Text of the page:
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Aquaculture produces around
30% of the seafood for human consumption, being an increasingly important food
fish source worldwide 1. Generally, fish aquaculture is subjected to a
greater stress than wild conspecifics, which affects their natural immune
system and often favours bacterial infection, namely during early life stages.
This happens because of the high organic content and low concentration of
dissolved oxygen often recorded in culture water, as well as the proximity of
cultured individuals (a result of production amplification through the use of
high stocking densities). Thus, opportunistic infections can easily emerge,
causing significant economic losses to producers.

Food and Agriculture Organization
(FAO) and most aquaculture organizations recommend the decrease, or even the
avoidance, of antibiotics in aquaculture, though they are still often used by
the industry worldwide 1. This can favour the arise of resistant bacteria,
antibiotherapy inefficacy and dispersal of antibiotic resistance in the
environment, indirectly affecting bacterial species that are not associated
with disease (non-target), allowing resistant strains to enter the human food
chain 2,3.

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vaccination is considered the best approach for the prevention of fish
infections, it is practically impossible to employ during fish early life
stages, due to their small size and low capacity to develop immunity 4,5. Consequently, the development and application of
innovative treatment technologies are demanded by the fish farming industry in
order to increase the efficacy of aquaculture production, by lowering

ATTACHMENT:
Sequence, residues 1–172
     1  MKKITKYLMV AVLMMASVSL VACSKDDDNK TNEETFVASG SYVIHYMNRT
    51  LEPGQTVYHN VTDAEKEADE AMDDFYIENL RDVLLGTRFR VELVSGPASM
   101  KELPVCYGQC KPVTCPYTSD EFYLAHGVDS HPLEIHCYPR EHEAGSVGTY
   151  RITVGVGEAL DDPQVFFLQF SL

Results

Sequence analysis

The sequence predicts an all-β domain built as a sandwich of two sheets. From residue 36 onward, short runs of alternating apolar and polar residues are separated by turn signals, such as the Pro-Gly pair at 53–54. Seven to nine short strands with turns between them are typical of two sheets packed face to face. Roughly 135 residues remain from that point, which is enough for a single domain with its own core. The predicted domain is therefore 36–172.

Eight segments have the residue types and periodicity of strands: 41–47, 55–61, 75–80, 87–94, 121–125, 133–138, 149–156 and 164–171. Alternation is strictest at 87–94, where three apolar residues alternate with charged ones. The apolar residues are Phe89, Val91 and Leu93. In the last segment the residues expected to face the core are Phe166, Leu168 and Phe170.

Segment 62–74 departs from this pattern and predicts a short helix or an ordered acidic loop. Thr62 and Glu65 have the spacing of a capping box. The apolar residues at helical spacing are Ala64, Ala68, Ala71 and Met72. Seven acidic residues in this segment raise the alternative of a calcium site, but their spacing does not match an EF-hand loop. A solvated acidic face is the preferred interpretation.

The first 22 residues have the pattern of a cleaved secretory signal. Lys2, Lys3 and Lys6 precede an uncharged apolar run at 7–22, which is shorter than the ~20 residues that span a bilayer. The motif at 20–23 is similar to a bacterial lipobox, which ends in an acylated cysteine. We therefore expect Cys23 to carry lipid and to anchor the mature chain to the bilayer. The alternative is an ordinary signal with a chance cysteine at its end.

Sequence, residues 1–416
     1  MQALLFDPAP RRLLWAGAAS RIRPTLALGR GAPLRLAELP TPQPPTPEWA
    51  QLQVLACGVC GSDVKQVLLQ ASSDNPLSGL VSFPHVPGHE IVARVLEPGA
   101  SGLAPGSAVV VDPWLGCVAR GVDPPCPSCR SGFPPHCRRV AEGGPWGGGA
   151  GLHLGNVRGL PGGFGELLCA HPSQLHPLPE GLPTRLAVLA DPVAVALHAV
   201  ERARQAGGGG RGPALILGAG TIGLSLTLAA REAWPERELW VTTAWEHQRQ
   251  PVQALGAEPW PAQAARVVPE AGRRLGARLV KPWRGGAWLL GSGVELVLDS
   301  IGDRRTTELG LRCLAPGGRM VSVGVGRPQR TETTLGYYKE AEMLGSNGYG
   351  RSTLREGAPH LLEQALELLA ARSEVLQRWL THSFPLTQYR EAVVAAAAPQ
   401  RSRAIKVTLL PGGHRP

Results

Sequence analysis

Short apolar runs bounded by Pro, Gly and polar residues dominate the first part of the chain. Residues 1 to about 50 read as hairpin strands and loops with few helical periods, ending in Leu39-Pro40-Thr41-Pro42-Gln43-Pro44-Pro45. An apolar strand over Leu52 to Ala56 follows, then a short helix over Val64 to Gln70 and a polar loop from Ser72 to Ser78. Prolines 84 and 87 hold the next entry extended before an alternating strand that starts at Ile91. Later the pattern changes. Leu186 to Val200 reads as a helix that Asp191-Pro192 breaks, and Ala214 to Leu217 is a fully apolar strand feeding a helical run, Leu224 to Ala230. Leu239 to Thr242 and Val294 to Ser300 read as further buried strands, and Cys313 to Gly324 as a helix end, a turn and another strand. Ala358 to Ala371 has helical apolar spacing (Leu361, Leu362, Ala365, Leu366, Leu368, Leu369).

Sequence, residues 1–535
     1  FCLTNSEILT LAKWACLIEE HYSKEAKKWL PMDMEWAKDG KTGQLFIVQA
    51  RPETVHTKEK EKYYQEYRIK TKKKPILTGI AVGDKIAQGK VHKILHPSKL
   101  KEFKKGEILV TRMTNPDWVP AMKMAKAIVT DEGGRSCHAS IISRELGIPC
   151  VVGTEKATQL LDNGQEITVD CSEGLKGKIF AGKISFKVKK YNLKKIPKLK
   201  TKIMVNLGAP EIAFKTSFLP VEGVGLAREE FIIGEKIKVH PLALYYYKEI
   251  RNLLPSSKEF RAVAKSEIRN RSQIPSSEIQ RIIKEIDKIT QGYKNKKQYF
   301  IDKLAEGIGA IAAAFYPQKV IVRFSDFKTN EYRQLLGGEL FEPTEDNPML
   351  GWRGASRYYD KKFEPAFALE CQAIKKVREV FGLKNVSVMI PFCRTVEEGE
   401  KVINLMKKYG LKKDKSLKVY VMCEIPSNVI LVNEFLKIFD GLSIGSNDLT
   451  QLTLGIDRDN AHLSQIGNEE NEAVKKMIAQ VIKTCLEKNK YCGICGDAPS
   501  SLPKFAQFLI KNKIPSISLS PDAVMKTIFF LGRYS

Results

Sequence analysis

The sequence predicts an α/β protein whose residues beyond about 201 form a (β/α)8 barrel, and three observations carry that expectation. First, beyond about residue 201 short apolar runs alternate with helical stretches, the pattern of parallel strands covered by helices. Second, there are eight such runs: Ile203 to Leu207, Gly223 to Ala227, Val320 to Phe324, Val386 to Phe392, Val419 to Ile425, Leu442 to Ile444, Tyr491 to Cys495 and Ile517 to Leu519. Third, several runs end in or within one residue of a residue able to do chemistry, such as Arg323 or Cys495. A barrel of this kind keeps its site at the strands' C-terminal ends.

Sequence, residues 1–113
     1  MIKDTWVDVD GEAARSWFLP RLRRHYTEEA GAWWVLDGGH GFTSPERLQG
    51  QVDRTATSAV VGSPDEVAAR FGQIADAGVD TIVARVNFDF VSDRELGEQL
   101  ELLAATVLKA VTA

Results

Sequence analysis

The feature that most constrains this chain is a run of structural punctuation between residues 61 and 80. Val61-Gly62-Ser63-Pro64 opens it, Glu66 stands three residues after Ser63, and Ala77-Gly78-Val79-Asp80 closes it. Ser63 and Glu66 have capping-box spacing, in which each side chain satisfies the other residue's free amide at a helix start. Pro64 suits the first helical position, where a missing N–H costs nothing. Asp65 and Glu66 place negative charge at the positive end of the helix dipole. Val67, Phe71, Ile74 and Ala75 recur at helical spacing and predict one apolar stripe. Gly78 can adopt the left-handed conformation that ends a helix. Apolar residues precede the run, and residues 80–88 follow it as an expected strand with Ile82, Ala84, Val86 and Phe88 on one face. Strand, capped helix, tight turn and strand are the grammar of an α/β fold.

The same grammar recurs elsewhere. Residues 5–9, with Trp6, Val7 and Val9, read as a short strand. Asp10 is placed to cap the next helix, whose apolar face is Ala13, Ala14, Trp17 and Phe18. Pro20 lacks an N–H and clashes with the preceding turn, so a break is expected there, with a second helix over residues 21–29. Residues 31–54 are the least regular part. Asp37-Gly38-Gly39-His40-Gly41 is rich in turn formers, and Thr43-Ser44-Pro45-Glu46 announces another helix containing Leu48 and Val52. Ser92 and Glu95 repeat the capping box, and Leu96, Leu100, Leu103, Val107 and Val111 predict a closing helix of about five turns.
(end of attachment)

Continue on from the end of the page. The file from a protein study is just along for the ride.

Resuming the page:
production costs and fish mortality, with reduced environmental impacts.

Aeromonas salmonicida, the
causative agent of furunculosis, is one of the most relevant fish pathogens in
aquaculture. This disease causes high mortality and morbidity in a broad variety of fish,
with significant economic losses in worldwide aquaculture 6. The chronic form usually occurs in older
fish, and the manifestation of skin ulcers in weakened fish make them
unsuitable for human consumption 7. The acute form is more common in juveniles,
usually leading to septicaemia, being fatal in two to three days 8,9.

Phage therapy is an alternative
approach to diminish fish infections, being based on the use of bacteriophages
(viruses that infect bacteria) to inactivate pathogenic bacteria. Compared to
conventional methods, it presents several advantages: (a) phages are target
specific; (b) serious or irreversible side effects of phage addition are not
known; (c) phages can be chosen to have no environmental impact and to infect
specific bacteria; (d) phages are resistant to various environmental conditions;
(e) limited regrowth of resistant cells (f) phage therapy is a flexible, fast
and inexpensive technology 10,11. Consequently, phage therapy appears to be
a promising and environmentally friendly methodology to reduce the risk of
development of antibiotic resistant bacteria. However, there are some studies
reporting the development of phage-resistance by some bacteria 12–15. This resistance may